It started out pretty simply, him singing karaoke at his local watering hole – The Horseshoe Bar in Glasgow, Scotland. As the night wore on, and the drinks kept coming, the inhibitions faded. Eventually it was time to let ’er rip, singing songs by his favorite artist.
“I’d just get drunk and sing Queen tunes,” remembers Gary Mullen, sitting in his hotel room in Texas while on his current tour. “Somebody would yell, ‘Hey! I’ll buy you a pint if you sing ‘Bohemian Rhapsody.’” That’s all Mullen needed to hear, and he was off doing what’s become the best Freddie Mercury impersonation – ever.
Mullen and his five-member band The Works come to the Milwaukee Theatre March 18. If you think this is just another one of those myriad tribute bands, think again.
For his uncanny impersonation of Freddie Mercury, Mullen was the top vote getter (864,838 votes) in the history of the British TV series “Stars in Your Eyes.” And 10 years after winning that contest, Mullen’s Freddie Mercury is still winning acclaim. “One Night of Queen” sells out regularly across the United States.
One of the highlights of Mullen’s decade-long tribute to his favorite band was meeting original Queen guitarist Brian May, who invited him and his band mates backstage.
“I took our bass player (Billy Moffat) with me and before you know it, Brian is sitting beside me. And I couldn’t think of anything to say,” Mullen recalls with laughter. “He’s such a lovely guy. So nice. Obviously there are so many tribute bands (he can choose from) and he personally invited me.”
Another high point in his career came in a very private way. It happened one day when Mullen was asked for his autograph, which happens quite a bit. “She said that she was Freddie’s mum’s housekeeper,” he recalls. “And I said, ‘Right. I’m the Pope.’” The woman produced photos showing her standing next to Freddie and his mother.
Mullen gave her the autograph, but the story continued. “A couple of days later I got an e-mail. It was from Freddie’s mum. It said, ‘Thank you very much for keeping my son’s memory alive,” Mullen says. “You can’t top that.”
Mullen become a Queen fan, he says, when he was 4 years old. By the time Freddie Mercury died in 1991 at age 45 from complications of AIDS, Mullen was a teenager. He went on to marry, start a family and “got a day job” as a computer salesman in his native Glasgow, all while performing karaoke.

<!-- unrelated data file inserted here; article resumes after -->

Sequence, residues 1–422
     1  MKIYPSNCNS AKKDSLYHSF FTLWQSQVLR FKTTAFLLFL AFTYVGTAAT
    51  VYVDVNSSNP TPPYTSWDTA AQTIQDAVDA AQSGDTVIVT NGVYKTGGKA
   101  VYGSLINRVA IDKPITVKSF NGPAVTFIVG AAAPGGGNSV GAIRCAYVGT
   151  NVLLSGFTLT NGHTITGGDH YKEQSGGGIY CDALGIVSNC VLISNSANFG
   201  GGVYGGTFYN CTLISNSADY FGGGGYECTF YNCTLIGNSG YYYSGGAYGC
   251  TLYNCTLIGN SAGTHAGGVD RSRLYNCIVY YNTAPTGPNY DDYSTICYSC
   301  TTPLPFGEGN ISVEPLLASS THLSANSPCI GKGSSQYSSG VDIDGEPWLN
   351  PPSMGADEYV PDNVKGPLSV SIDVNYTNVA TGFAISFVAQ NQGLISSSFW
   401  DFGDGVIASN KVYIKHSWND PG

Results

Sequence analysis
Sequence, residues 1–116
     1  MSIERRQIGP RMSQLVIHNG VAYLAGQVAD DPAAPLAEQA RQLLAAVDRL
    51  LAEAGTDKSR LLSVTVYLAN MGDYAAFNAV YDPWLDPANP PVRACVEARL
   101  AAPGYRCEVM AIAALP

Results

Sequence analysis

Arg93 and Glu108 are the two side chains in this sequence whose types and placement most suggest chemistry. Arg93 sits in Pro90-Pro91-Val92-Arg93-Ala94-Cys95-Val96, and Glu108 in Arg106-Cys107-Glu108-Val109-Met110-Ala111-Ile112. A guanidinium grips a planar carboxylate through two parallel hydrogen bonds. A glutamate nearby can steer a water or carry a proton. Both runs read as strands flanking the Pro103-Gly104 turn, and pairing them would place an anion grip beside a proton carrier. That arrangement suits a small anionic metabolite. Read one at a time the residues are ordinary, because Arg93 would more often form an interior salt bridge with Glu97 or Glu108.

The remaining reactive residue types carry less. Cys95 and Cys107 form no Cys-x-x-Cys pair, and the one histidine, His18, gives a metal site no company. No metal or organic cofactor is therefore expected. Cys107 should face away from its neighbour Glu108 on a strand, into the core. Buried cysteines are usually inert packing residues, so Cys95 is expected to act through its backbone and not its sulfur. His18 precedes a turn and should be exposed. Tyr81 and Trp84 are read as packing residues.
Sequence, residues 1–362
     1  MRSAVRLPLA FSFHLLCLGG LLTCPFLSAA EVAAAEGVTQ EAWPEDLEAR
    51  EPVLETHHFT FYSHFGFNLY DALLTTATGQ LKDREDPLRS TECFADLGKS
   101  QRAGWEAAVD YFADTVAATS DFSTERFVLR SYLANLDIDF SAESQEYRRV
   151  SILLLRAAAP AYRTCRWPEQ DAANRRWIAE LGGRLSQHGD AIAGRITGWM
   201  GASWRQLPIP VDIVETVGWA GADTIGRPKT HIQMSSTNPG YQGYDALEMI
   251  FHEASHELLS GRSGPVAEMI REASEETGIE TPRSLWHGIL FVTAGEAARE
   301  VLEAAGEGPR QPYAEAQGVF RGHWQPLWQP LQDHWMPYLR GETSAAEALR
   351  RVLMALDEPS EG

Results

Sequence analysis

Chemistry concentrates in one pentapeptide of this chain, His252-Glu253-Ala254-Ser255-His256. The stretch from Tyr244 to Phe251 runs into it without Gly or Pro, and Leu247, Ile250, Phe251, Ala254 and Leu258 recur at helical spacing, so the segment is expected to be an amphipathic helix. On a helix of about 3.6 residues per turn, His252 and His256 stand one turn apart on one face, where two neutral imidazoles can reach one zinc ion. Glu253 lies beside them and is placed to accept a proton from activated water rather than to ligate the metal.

When he was encouraged to try out for “Stars in Your Eyes,” Mullen scoffed at the idea. “I didn’t want to offend all the Queen fans out there,” he reminisces. But his wife and mother secretly sent in his application to the show. The rest, as they say, is history.
While the show is all Queen music (with the permission of the Queen estate), Mullen has his favorites. “I love ‘Keep Yourself Alive,’” he says. “It just drives with that drum solo. And I love the gospel feel to ‘Somebody to Love.’ It’s a great sing-along with the audience, and we really want people to be a part of the show.”
Mullen and The Works keep the music as accurately as possible to the Queen legacy. Mullen only has four other musicians on stage: Davie Brockett, guitar; Billy Moffat, bass; Jonathan Evans, drums; and Malcolm Gentle keyboards.
So how then does the group cover the harmonic territory of 180 voices (actually separate overdubs by the original members) used in the nearly six-minute opus “Bohemian Rhapsody”?
“We cheat,” says Mullen, without missing a beat. “We leave the stage in the middle part and there’s a light show” while a tape plays the original Queen music. While some Queen purists have taken issue with this, Mullen’s all about providing the audience with the best possible experience within the show’s two one-hour sets (plus a 20-minute intermission to cozy up to the merchandise booths).
“We hope to give the audience a feeling of what a Queen show would be like with the energy of Freddie. The guy wouldn’t stand still,” Mullen says. “The beautiful thing about music is that it transcends gender, race, color, creed. Everybody – kids, mums, dads, grand mums – music just brings everybody together.”